I don't know of any example where the Buddha actually said "life is suffering".
The first noble truth is simply "This is the truth of suffering." Nowhere in the enumeration of what is suffering does it refer to life.
"Life is suffering" isn't listed in fakebuddhaquotes; but it is the first item in a list of "Misunderstanding that arises from the teachings" on this page titled, "Common Buddhist Misunderstandings".
a) Life is suffering
The Buddha told us that "Life is Suffering". One who does not understand the Truth of this may think that life is meaningless and become negative and pessimistic. Actually, this theory is commonly misunderstood. People in society and even some Buddhists are trapped in this wrong and gloomy view.
To be honest this one actually claims that
The Buddha told us that "Life is Suffering" though it then goes on to say that's misinterpreted.
The article is translated, perhaps from Chinese, in case that's relevant?
In this Article titled Life Isn't Just Suffering, Thanissaro Bhikku wrote,
You've probably heard the rumor that "Life is suffering" is Buddhism's first principle, the Buddha's first noble truth. It's a rumor with good credentials, spread by well-respected academics and Dharma teachers alike, but a rumor nonetheless. The truth about the noble truths is far more interesting.
In a comment to another answer, you wrote,
For example sukkhavedanā or "pleasant sensations" are also, in the broadest sense, dukkha! PTSD doesn't cope with that observation. For example: Nāññatra dukkhā sambhoti, nāññaṃ dukkhā nirujjhatī’’ti "Nothing other than dukkha arises, nothing other than dukkha ceases." This does not make sense if dukkha simply means "misery" or "sorrow". Because also we have experiences like ānanda, pamoda, pīti, sanutuṭṭha, sukha sukhita, somanassa.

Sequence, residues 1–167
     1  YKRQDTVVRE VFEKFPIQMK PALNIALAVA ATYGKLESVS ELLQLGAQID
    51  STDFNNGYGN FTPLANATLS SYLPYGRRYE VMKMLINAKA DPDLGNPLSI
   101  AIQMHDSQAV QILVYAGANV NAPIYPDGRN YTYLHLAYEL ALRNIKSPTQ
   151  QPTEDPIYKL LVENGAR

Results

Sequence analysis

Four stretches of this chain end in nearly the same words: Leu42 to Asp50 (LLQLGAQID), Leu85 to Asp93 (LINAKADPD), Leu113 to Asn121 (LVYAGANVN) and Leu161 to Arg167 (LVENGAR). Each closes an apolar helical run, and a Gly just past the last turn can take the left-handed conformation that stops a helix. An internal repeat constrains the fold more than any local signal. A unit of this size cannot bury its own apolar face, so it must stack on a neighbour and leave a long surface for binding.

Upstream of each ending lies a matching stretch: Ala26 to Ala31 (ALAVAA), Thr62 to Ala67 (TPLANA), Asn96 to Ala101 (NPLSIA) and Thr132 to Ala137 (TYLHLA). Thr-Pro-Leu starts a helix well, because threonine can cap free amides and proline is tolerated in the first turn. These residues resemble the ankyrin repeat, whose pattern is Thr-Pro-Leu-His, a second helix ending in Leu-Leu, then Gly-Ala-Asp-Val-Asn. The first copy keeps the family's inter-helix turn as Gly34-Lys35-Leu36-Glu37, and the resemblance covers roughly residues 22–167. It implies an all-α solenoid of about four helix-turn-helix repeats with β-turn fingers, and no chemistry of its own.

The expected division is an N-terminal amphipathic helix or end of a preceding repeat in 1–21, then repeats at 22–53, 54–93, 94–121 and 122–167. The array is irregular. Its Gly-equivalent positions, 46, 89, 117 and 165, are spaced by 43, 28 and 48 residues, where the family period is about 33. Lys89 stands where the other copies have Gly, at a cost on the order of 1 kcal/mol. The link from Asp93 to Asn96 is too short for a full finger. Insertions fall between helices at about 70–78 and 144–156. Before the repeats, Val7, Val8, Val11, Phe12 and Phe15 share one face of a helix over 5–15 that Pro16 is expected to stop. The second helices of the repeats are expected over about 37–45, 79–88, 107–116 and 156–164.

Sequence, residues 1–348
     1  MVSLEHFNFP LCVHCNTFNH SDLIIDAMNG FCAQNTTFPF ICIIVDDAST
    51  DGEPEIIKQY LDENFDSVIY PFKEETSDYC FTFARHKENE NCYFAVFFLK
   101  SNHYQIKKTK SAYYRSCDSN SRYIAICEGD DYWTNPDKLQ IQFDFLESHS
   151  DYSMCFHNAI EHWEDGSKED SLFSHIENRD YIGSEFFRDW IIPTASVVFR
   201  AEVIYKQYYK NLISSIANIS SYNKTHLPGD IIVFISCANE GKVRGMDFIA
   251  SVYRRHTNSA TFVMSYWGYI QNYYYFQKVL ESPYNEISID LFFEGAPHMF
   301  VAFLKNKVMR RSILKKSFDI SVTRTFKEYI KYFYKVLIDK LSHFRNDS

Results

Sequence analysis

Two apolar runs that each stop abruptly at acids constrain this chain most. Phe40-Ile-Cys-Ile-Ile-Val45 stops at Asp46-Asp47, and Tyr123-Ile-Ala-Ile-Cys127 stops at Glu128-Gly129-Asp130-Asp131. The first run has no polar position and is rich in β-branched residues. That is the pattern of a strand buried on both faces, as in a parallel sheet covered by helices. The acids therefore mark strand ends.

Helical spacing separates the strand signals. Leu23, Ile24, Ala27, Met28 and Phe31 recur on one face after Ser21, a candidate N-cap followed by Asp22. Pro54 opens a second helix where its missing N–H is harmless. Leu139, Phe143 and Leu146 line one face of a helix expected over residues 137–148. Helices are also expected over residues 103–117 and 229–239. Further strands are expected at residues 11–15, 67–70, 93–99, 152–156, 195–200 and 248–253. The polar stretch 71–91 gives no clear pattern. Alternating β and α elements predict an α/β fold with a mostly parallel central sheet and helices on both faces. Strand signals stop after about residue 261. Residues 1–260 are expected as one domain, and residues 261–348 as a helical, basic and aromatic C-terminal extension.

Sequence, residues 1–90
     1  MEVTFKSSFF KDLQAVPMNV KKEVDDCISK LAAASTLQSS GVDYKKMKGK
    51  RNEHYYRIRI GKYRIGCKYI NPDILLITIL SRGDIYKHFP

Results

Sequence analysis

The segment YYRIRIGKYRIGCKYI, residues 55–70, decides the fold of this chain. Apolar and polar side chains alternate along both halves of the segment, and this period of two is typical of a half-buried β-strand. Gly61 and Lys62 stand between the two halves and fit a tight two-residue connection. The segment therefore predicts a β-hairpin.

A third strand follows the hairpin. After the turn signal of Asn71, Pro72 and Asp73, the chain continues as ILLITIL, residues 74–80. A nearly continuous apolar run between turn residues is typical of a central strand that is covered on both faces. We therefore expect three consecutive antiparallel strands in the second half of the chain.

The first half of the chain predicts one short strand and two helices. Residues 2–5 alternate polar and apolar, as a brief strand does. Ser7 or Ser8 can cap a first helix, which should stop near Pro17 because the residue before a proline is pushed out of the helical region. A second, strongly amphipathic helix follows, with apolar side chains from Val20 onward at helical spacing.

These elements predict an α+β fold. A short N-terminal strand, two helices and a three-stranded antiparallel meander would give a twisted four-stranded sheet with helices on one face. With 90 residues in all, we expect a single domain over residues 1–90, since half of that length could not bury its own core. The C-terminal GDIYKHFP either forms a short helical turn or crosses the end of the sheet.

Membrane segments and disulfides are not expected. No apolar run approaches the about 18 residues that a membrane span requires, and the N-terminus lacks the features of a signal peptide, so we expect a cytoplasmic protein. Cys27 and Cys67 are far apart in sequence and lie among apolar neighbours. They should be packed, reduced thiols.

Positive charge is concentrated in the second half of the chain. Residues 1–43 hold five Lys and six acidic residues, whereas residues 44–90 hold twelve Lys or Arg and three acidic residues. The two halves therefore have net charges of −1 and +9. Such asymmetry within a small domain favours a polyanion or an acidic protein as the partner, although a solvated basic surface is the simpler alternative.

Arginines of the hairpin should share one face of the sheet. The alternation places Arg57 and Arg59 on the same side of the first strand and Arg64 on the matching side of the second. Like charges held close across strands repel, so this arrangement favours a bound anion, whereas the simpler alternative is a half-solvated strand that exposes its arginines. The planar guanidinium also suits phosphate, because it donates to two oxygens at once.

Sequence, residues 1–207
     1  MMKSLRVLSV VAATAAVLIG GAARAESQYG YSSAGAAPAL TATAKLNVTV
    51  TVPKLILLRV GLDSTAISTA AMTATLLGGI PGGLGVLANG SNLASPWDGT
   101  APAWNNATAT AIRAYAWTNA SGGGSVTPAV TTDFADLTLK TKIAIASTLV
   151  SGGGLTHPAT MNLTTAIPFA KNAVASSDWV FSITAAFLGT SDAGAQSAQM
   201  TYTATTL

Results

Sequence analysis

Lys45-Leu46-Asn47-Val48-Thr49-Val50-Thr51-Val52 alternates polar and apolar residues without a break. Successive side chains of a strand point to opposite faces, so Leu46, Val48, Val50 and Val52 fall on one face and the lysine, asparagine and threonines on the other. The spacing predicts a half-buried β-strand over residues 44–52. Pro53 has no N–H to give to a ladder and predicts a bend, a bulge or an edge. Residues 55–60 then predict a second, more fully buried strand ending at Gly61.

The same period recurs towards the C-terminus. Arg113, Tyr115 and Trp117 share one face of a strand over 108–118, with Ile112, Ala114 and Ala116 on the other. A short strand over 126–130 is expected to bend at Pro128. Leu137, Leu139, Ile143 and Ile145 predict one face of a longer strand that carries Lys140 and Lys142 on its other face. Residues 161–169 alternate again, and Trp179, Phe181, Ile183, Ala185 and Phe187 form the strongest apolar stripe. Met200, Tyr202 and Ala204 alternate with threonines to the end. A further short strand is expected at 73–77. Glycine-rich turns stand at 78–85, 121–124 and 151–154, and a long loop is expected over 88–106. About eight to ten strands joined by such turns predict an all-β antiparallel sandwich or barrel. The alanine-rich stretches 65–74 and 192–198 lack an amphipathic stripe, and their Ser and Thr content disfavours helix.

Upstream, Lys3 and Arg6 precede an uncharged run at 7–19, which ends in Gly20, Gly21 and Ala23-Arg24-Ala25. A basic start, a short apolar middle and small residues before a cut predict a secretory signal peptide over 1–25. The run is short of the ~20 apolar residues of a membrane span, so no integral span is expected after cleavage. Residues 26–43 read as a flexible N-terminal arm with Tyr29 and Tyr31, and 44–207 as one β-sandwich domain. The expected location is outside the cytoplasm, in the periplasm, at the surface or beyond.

Looking at the context of that quote (i.e. Vajira Sutta) I think that's a reference to dukkha as a characteristic of existence.
Given texts like Sabba Sutta perhaps it's reasonable (if a bit loose) to summarize "the aggregates" as "life" — and then the word "suffering" obviously comes as a translation of dukkha, though in context it might mean something else.
I suspect that (as well as being defined in isolation) the meaning of dukkha as it's used in a Buddhist context might be hinted at, defined, informed by or inferred from the second and third noble truths.
And that Vajira Sutta isn't easy to understand in isolation (i.e. if you're trying to use it as a stand-alone definition of dukkha) because I suspect that to understand it you should also understand identity-view.